Forests are a key component of the global carbon cycle, and research is needed into the effects of human-driven and natural processes on their carbon pools. Airborne laser scanning (ALS) produces detailed 3D maps of forest canopy structure from which aboveground carbon density can be estimated. Working with a ALS dataset collected over the 8049-km2 Wellington Region of New Zealand we create maps of indigenous forest carbon and evaluate the influence of wind by examining how carbon storage varies with aspect. Storms flowing from the west are a common cause of disturbance in this region, and we hypothesised that west-facing forests exposed to these winds would be shorter than those in sheltered east-facing sites.
The aboveground carbon density of 31 forest inventory plots located within the ALS survey region were used to develop estimation models relating carbon density to ALS information. Power-law models using rasters of top-of-the-canopy height were compared with models using tree-level information extracted from the ALS dataset. A forest carbon map with spatial resolution of 25 m was generated from ALS maps of forest height and the estimation models. The map was used to evaluate the influences of wind on forests.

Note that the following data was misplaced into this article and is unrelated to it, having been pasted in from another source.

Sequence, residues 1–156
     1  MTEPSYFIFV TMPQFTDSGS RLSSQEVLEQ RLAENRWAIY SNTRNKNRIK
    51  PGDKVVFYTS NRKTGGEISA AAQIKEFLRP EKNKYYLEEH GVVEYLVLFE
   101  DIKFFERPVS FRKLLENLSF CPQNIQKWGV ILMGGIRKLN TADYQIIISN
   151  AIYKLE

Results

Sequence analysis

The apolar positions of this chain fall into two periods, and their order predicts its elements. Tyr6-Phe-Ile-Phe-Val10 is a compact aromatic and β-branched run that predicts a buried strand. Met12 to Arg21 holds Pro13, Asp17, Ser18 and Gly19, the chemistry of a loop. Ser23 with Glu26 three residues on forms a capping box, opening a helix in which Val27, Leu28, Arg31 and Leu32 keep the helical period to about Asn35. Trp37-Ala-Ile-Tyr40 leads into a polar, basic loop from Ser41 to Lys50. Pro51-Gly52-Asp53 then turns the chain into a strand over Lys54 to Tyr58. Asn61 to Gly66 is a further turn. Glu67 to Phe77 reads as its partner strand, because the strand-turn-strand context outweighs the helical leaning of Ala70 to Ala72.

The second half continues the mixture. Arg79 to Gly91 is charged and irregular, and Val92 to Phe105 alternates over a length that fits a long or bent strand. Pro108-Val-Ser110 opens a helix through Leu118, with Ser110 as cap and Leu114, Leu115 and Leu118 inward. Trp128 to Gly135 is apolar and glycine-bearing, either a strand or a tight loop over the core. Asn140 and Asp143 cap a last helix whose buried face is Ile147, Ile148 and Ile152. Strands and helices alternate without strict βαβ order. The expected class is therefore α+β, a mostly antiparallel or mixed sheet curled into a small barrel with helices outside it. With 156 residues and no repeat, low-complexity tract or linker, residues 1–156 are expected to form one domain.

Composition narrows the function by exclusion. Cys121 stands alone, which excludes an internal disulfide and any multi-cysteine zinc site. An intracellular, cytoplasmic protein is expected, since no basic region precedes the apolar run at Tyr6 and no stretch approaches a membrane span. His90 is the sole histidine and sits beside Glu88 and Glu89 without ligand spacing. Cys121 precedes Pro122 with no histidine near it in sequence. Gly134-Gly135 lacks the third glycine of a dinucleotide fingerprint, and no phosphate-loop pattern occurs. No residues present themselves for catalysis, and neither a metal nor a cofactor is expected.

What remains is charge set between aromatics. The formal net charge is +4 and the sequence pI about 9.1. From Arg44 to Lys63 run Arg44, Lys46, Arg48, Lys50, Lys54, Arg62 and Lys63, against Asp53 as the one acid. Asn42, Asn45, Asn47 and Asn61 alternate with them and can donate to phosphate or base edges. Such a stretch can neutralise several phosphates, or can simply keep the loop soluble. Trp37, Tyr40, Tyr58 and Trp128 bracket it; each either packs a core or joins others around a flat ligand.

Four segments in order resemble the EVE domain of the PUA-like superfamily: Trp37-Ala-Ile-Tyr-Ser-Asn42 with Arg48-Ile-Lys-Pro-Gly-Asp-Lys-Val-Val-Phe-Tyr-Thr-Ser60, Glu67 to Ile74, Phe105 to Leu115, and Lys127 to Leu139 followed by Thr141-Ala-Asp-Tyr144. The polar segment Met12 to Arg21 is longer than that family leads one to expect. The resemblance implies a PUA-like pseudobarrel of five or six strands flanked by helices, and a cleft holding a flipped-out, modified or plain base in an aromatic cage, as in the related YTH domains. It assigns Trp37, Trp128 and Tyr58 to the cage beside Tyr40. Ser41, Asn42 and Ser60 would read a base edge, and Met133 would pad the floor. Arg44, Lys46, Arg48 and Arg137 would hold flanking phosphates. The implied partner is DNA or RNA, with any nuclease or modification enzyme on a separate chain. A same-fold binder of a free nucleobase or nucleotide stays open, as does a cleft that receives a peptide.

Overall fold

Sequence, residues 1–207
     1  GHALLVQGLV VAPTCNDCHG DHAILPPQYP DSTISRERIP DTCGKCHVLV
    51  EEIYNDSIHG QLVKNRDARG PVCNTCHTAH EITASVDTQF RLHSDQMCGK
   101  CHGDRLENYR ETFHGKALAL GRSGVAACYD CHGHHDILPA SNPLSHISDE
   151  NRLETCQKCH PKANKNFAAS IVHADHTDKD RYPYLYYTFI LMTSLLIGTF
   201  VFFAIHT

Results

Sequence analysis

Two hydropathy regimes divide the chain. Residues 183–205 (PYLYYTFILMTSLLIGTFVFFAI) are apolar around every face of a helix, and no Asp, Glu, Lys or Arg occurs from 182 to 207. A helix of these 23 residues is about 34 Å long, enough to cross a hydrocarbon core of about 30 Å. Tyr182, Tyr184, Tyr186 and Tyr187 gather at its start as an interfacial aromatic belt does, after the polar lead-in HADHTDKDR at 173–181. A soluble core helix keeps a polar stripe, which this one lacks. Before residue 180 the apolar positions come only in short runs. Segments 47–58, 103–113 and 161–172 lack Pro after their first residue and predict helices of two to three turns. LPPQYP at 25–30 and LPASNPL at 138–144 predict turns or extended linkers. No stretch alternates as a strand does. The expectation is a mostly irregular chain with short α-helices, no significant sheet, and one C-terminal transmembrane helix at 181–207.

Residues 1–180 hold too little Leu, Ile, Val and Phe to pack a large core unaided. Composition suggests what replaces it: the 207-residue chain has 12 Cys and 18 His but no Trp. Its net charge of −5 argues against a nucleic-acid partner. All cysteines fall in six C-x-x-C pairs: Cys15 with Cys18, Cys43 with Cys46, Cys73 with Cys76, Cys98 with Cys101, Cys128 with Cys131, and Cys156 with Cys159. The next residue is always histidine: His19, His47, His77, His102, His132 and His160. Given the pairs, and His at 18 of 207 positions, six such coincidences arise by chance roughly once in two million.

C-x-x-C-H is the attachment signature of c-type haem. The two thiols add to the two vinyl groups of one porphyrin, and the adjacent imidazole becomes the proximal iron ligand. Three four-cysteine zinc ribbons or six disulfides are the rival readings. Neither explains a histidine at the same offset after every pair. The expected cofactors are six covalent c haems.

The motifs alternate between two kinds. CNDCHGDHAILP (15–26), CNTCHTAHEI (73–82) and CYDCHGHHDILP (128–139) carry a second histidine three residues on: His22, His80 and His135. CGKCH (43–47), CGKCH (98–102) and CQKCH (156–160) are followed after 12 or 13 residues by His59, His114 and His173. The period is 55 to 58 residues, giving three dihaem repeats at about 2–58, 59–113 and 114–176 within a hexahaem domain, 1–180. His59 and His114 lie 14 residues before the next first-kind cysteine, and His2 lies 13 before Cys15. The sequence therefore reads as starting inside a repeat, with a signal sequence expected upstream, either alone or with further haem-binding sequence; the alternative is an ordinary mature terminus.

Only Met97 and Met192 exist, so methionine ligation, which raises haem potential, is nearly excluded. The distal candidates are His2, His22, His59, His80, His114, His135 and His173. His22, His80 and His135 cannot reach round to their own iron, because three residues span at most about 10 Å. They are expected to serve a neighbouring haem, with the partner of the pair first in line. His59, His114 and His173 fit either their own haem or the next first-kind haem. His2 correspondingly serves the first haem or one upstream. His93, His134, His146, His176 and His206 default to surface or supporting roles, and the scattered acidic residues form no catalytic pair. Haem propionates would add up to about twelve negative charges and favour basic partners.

Power-law models were slightly less accurate than tree-centric models (RMSE 35% vs 32%) but were selected for map generation for computational efficiency. The carbon map comprised 4.5 million natural forest pixels within which canopy height had been measured by ALS, providing an unprecedented dataset with which to examine drivers of carbon density. Forests facing in the direction of westerly storms stored less carbon, as hypothesised. They had much greater above-ground carbon density for a given height than any of 14 tropical forests previously analysed by the same approach, and had exceptionally high basal areas for their height. We speculate that strong winds have kept forests short without impeding basal area growth.
Simple estimation models based on top-of-the canopy height are almost as accurate as state-of-the-art tree-centric approaches, which require more computing power. High-resolution carbon maps produced by ALS provide powerful datasets for evaluating the environmental drivers of forest structure, such as wind.